When you opt out, YOU control your prices.
Think Long Term When Setting Prices
The decision to start cheap will always hurt my course sales in some way because I set a low price expectation.
So if you want to control how much your course will sell for, you should consider other options like Teachable (where my future courses will be uploaded).
My 2create courses will stay on Udemy (minus the Udemy promos, of course) for now, and existing students will always have access to them even if I stop selling there. It’s part of their terms.
The truth is, only a small percentage of Udemy instructors earn a substantial amount of money selling courses cheap.
If you happen to have a top course in an in-demand niche, you could make five figures per month selling courses at $10 or $15 due to Udemy promoting your course for you.
Just remember that if you rely on Udemy for your sales, a competitor could come along with a better course and Udemy may promote their course over yours.
Many instructors feel trapped and obligated to participate in the Promotions because without them, they would hardly make anything due to the fact the students look for the discounts and they don’t have an audience.
Well I don’t feel obligated at all — even if that means I earn less.
I have no regrets about opting out of the Promotions last year.
I would much rather have 5 students who pay $100 than 100 students who pay $10.
When people invest more into a course, they are far more likely to complete it, act on the content and buy ANOTHER course for the same price or more.
If you attract more students that really NEED your course and not just motivated by a discount, you’ll make more in the long run.
So you have to sell fewer courses to reach your income goals, and you’re getting paid for your work.
“I Can’t Afford That Price!”
So how do you deal with people who complain about price?
If people are used to discounts, no doubt those comments will come. I get this all the time now that I opted out of the Promotions.
You simply explain that you invested a lot of time into creating your product, and your price is set to reflect that.
Why should you disregard the work you put into creating something just because someone doesn’t want to pay?
A higher price will help communicate the value of those who are ready to commit time and money, and drive those away who aren’t.
It’s that simple.
I’m no longer afraid of driving people away like I was before.
It’s about learning to create a product that people NEED and WANT instead of trying to target anyone and everyone by dangling a cheap price in their face.
Private Groups Are Beneficial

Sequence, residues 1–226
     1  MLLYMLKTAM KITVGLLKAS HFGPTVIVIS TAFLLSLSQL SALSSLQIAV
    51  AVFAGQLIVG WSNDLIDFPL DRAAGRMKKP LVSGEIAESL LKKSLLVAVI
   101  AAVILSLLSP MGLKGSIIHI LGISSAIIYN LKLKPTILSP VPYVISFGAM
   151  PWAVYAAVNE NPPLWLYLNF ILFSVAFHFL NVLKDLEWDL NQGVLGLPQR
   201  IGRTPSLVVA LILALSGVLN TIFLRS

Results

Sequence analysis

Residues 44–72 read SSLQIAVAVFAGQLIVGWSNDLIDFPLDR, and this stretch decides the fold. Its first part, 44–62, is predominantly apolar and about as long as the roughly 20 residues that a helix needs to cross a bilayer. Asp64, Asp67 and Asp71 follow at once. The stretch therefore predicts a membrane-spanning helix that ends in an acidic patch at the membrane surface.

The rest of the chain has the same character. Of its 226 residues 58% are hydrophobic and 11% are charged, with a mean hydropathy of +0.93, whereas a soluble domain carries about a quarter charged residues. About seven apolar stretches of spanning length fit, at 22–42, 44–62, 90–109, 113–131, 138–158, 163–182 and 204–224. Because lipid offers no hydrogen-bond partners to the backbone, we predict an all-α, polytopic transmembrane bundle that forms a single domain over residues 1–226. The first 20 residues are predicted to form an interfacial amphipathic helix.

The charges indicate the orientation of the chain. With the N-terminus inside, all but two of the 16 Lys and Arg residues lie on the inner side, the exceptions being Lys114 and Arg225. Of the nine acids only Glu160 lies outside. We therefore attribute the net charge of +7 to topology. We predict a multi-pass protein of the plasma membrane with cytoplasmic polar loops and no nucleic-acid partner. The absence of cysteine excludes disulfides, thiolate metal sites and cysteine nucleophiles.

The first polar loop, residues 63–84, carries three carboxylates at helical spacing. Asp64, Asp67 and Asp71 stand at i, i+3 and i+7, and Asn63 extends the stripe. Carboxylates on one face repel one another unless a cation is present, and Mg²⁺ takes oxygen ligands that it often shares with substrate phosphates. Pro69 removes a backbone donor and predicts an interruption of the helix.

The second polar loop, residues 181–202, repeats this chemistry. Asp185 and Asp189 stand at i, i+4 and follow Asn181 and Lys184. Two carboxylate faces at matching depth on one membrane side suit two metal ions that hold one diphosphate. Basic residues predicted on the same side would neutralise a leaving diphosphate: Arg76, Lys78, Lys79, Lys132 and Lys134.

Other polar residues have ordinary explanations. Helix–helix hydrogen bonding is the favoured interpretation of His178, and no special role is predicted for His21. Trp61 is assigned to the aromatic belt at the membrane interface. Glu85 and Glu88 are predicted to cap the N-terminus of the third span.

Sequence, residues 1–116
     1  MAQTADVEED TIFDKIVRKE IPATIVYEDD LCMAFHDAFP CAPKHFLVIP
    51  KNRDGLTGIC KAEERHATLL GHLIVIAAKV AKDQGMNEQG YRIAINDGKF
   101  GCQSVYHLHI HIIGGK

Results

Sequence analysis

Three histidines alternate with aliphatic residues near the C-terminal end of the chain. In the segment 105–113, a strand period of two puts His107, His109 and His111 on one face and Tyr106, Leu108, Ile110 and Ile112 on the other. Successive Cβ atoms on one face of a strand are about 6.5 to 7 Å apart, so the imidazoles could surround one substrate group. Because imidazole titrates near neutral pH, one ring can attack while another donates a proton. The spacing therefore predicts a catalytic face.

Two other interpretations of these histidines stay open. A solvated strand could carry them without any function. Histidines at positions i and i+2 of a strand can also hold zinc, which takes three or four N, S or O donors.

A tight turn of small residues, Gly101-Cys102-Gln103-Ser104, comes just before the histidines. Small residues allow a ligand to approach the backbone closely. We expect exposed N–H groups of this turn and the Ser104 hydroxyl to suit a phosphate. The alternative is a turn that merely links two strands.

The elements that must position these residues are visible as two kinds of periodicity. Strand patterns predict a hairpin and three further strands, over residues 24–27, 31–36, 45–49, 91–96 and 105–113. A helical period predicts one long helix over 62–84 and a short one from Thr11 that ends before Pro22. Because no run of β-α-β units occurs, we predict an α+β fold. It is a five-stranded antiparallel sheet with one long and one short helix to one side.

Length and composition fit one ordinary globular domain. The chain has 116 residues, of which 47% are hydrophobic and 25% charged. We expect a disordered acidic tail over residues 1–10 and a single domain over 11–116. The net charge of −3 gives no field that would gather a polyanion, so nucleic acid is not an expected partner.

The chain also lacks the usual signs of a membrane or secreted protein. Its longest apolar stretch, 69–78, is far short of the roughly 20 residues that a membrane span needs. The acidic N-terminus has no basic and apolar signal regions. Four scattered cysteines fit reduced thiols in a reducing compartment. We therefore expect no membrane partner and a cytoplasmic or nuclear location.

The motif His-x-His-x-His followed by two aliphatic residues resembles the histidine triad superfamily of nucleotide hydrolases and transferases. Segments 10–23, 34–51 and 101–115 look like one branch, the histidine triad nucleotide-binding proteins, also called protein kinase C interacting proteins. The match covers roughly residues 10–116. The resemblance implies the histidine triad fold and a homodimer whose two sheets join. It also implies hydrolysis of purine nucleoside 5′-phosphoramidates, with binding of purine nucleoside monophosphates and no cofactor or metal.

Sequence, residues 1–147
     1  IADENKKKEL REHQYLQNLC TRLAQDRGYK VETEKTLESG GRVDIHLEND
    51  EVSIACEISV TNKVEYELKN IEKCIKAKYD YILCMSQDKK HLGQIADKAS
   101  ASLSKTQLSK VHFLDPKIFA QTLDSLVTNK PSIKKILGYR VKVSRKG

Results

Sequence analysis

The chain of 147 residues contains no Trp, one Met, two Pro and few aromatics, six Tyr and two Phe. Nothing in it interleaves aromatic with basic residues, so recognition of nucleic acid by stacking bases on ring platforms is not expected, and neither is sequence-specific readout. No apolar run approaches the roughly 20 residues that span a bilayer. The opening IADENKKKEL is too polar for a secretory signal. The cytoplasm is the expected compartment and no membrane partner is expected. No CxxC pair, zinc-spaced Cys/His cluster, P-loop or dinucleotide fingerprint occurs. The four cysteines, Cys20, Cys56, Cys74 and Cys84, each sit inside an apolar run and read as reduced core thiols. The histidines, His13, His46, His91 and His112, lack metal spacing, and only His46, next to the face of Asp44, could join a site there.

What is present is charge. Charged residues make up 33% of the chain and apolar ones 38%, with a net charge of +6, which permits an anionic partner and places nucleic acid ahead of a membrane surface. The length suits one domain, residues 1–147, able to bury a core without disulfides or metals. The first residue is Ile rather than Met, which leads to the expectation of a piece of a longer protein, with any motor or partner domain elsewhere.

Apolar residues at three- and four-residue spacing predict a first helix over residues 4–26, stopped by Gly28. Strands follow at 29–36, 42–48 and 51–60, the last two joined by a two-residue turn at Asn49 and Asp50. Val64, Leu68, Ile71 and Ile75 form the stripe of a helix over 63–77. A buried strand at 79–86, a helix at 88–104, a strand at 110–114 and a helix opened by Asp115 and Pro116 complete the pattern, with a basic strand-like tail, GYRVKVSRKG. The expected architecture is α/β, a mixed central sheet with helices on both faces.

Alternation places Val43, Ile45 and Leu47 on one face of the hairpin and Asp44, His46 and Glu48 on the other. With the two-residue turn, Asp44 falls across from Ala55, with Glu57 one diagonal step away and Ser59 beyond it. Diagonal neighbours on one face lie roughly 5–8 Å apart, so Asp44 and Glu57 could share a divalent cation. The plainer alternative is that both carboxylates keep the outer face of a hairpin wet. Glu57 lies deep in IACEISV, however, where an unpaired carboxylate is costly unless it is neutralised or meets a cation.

Creating a private Facebook group for my Spreadshirt (and future POD T-shirt design students) has been a learning tool for me as a course creator.
It’s helped me learn where I need to improve with structuring my courses.
I am listening to the problems that people have and noticed a common theme with the challenges many of you face that I wouldn’t have picked up on without the group.
I’ve had several A-HA moments! 🙂
This gives me direction with my upcoming 101 print on demand course.
So it’s not just about jacking up your prices. You also have to improve, deliver and give people what they need and want.
It’s a two-way street.
So having a group where you can interact with your potential students is great because you can learn about what they want and where they struggle most.
I will certainly use this info for my future courses.
I’m working hard to ensure the courses are setup for optimal learning and easy implementation.
I have to do my part too.
Quantity Doesn’t Matter
This may be hard to believe, but I don’t care about high enrollment numbers right now.
If I did, I’d still be opted in to the Udemy promotions.
For me, it’s about removing that cheap course expectation and finding the right price point that…
- reflects value and doesn’t look cheap
- pays me back for the time invested
- is affordable
And you know what?
I STILL don’t have the perfect formula for pricing a product. I’m going to be testing and welcome you to share what you’ve learned.
But I can tell you this…
Giving products away for cheap is NOT the answer for me.
If you’ve benefited from my discounts then you might not like this. It might look greedy or that I’ve changed.
Well you’re right.
I have changed.
I’ve learned that it makes no business sense to price below the value for the long run.
As you can see, I’m such a work in progress when it comes to all this selling stuff, but I wanted to share what I’ve learned.
Listen To The Podcast
This topic was so important that I decided to also do a podcast. You can listen below or right-click this link and download the mp3 file here.